The Cruel Sea, by Nicholas Monsarrat. Fictional account of the crew of a Royal Navy corvette on convoy duty in World War II. Published in 1951, this is a classic. Interesting characters, well drawn. His accounts of the sea battles with nature and the Nazis are gripping.
Books I've been reading....
The Art of Business, by Stan Davis and my cousin David McIntosh. How to apply your creative resources to your work life and your business, (and why you should).
Collapse, by Jared Diamond. How civilizations and cultures collapse, from Easter Island to Norse Greenland. Lessons that we can learn and apply to our times. Diamond also wrote Guns, Germs and Steel, which I highly recommend.
Snow Crash, by Neal Stephenson. Science fiction tale of how info viruses (religion) threaten both humanity and cyberspace in a chaotic future world. Stephenson's great; I recommend his Crytonomicon.
Freethinkers, by Susan Jacoby. A history of secularism in America, and the profound influence it has had on our Constitution and our society. The struggle with opposing forces of religious establishmentarians.
The Path to Victory, by Douglas Porch. An analysis suggesting that the Mediterranian Theater in World War 2 was of critical importance to the ultimate victory. The theater provided a training ground for the American forces, all the way up the command chain, and also the environment for building trust within the Anglo-American alliance. Similar themes are explored in Rick Atkinson's excellent An Army at Dawn.
When Baghdad Ruled the Muslim World, by Hugh Kennedy. The story of the Abbasid dynasty, who founded the city of Baghdad, and ruled an empire stretching from North Africa to India. Since I know almost nothing of Muslim/Arab history, this was a good introduction for me. It was a little hard keeping all the names straight, but that's just because I'm not used to them, I think. One thing I didn't realize was how cross-influential the Arabs and the Persians are.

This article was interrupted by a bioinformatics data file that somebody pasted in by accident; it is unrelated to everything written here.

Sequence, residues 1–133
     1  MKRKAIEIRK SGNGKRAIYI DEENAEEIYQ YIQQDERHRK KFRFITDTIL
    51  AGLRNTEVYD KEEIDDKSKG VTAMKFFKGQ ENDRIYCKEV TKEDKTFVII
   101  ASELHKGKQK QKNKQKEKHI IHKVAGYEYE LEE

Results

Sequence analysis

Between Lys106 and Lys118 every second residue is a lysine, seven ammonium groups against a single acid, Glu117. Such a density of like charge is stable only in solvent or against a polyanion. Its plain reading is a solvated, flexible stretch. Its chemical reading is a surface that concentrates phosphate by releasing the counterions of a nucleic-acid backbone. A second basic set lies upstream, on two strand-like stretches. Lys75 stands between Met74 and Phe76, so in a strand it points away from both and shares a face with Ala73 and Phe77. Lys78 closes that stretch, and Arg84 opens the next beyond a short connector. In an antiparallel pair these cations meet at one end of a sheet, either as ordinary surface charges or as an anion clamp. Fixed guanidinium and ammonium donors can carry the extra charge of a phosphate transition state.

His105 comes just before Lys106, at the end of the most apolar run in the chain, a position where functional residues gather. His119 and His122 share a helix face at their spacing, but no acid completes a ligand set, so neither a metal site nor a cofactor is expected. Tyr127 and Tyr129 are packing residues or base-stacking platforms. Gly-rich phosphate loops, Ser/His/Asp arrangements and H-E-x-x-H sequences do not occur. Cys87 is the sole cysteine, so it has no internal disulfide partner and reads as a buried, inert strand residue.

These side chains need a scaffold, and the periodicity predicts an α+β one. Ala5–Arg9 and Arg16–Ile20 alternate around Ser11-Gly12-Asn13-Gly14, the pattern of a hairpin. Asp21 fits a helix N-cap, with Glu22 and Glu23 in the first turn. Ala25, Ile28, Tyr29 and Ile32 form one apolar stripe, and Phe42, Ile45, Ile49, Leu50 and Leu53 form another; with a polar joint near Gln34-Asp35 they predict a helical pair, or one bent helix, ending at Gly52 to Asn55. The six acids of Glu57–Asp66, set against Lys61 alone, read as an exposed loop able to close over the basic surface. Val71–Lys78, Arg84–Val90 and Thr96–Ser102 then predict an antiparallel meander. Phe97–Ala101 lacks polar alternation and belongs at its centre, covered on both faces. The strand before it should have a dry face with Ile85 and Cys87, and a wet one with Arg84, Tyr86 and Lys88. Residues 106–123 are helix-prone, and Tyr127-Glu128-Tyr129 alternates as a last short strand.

The Unfolding of Language, by Guy Deutscher. Subtitled "an evolutionary tour of mankind's greatest invention. Looks at how languages evolve and devolve over time. Also explains why German maidens are neuter, but German turnips are female. I really enjoyed this book! Excellent!
Lost Triumph, by Tom Carhart. Subtitled "Lee's Real Plan At Gettysburg - And Why It Failed". Lee is arguably the greatest American general, but it seems that at Gettsburg, he screwed up big time with Pickett's Charge. Carhart shows how the battle was supposed to go, but for the intervention of an Ohio-born Michigander in the Union Cavalry. Fascinating and very plausible - and scary had Lee's plan gone correctly.
What is a Life Worth?, by Kenneth R. Feinberg. Subtitled "The Unprecidented Effort to Compensate the Victims of 9/11", this is a fascinating and moving account written by the man who administered the fund, which was an extraordinary act of generousity by the American people to the families, both domestic and foreign, who lost loved ones in the calamity.
The Confusion, by Neal Stephenson. Volume 2 of the Baroque Cycle. More globe-spanning adventures of Jack "Half Cocked" Shaftoe and Eliza, Duchess of Qwghlm, and other ancestors of the characters in Cryptonomicon.
Take the Cannoli, by Sarah Vowell. A series of humorous essays by Sarah Vowell. Who doesn't love Sarah Vowell?
The End of Poverty, by Jeffrey Sachs. Special advisor to Kofi Annan lays out the possibility for eliminating extreme poverty in our lifetime. Fascinating book. I wish this one was on W's reading list.
One Good Turn, by Witold Rybczynski. "A Natural History of the Screwdriver and the Screw". Charged by the New York Times to write an essay about the past millenniums's greatest invention, the author traces the development of the now ubiquitous screwdriver. A short, fun read.
American Brutus, by Michael Kauffman. "John Wilkes Booth and the Lincoln Conspiracies. An unconvering of the assassination of Lincoln and the plots surrounding it. The opening chapters describe an evening of chaos in the nation's capitol which, at least in the number of rumors flying around, remind of September 11, 2001.